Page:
In the decade or so after the introduction of electroconvulsive therapy (ECT), scattered reports of neuropathological changes found among people who died after treatment began to appear. Such reports, combined with laboratory studies purporting to show neurological damage in experimental animals and the demonstration of memory changes (particularly retrograde amnesia) after ECT treatment, have suggested to some that ECT must somehow result in physical damage to the brain. Although such concerns still appear to influence popular attitudes toward ECT, use of modern technique does not appear to be commonly associated with any evidence of central nervous system damage.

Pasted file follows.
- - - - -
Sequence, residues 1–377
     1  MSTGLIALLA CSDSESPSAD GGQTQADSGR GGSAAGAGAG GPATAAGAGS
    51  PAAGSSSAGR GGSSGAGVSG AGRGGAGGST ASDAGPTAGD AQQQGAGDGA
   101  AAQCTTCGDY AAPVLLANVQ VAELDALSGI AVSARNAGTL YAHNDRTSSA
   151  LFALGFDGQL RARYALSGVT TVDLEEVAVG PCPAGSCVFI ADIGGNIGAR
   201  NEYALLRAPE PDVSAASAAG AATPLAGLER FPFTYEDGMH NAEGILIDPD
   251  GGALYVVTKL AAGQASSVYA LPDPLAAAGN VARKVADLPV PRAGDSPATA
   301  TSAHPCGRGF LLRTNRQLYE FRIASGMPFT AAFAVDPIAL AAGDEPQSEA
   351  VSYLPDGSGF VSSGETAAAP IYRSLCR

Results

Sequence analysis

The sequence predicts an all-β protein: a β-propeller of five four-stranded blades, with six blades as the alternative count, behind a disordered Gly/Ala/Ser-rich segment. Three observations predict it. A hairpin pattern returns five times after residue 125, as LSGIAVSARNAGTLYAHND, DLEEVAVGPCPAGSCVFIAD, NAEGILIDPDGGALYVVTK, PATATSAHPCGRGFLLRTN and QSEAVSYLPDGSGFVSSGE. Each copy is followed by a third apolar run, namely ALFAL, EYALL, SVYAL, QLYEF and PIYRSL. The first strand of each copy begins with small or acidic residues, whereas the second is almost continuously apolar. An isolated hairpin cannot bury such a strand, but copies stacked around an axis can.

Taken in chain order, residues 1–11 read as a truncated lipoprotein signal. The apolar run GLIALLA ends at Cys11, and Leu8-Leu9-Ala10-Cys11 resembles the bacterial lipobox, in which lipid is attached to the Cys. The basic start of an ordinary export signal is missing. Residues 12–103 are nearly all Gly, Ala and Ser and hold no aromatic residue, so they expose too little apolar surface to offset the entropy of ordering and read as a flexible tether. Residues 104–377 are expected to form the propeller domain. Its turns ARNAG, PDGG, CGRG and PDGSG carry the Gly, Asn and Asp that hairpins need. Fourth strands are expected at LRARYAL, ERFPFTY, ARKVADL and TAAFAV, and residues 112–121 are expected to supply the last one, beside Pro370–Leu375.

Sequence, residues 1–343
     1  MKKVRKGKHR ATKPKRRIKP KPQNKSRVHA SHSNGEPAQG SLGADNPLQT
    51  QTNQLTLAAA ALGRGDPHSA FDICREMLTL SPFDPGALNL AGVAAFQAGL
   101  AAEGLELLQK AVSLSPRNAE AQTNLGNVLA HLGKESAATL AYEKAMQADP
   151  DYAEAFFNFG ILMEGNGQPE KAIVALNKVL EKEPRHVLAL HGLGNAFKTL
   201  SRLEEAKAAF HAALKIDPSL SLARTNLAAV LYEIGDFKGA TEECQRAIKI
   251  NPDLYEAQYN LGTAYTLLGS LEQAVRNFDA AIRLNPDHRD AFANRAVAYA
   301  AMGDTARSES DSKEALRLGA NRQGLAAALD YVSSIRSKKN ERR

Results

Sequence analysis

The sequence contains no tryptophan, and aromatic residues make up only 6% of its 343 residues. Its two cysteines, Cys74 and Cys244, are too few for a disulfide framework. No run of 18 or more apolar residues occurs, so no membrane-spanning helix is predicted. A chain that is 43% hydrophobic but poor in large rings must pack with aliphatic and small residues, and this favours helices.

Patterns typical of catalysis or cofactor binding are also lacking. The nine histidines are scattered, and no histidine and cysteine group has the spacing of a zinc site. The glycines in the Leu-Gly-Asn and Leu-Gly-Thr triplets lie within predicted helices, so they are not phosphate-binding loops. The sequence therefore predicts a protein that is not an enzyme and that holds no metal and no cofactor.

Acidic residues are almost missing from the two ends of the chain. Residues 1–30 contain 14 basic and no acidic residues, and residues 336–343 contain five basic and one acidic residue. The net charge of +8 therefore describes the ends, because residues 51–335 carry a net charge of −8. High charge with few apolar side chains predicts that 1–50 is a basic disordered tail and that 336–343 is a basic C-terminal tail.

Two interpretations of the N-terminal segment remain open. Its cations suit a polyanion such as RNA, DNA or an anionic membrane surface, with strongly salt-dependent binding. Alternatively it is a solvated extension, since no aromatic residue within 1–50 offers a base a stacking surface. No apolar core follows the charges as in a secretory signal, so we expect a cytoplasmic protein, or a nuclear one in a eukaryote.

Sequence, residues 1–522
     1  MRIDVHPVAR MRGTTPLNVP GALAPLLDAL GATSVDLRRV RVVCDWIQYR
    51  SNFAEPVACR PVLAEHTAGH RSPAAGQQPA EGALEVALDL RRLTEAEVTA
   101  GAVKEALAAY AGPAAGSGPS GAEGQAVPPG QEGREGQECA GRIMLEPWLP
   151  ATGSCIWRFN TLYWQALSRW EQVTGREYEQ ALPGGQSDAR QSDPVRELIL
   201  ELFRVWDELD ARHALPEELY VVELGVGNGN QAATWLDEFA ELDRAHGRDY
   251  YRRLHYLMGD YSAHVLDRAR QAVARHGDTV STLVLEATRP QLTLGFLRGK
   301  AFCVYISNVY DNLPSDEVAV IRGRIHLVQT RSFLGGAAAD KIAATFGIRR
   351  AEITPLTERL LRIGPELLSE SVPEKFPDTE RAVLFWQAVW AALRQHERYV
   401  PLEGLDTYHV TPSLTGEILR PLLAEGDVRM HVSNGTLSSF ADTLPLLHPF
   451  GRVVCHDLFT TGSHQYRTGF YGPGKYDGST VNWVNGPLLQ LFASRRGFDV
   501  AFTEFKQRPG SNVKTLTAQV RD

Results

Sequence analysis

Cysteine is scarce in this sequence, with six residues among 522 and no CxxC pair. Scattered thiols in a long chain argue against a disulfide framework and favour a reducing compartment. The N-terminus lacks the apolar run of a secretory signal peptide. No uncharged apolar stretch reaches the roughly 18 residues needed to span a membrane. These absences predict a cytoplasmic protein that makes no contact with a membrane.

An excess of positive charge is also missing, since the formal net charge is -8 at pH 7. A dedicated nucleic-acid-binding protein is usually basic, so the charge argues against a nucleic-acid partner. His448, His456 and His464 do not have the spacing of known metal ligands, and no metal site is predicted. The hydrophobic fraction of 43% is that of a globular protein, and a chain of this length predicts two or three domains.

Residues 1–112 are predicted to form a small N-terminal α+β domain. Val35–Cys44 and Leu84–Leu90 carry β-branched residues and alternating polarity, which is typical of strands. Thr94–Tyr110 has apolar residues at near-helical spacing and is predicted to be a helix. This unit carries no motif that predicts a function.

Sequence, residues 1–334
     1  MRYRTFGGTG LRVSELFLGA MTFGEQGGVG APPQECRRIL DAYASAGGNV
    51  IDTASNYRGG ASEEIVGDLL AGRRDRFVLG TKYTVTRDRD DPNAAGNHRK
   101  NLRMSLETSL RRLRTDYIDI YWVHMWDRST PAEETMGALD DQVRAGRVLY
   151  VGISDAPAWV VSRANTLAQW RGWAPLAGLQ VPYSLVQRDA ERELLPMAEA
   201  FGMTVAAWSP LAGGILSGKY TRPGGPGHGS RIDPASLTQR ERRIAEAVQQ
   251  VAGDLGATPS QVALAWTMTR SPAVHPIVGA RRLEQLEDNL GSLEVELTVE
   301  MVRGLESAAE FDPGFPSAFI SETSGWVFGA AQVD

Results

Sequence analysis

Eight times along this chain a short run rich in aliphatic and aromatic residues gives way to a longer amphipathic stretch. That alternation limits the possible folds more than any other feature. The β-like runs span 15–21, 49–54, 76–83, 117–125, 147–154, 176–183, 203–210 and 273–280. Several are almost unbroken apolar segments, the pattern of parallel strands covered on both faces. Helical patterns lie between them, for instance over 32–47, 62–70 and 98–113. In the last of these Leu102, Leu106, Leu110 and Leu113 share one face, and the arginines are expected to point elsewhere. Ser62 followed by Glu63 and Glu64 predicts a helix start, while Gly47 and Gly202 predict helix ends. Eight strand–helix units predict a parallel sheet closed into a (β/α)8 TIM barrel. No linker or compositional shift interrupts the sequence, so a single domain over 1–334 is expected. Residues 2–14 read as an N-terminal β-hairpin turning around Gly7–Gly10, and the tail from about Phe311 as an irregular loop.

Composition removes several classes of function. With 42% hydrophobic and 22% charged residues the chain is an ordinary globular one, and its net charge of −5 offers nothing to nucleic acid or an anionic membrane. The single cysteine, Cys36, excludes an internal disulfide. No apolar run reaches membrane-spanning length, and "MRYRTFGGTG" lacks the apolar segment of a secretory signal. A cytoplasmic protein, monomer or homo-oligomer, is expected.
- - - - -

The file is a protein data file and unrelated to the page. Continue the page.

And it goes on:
ASJC Scopus subject areas
- Psychiatry and Mental health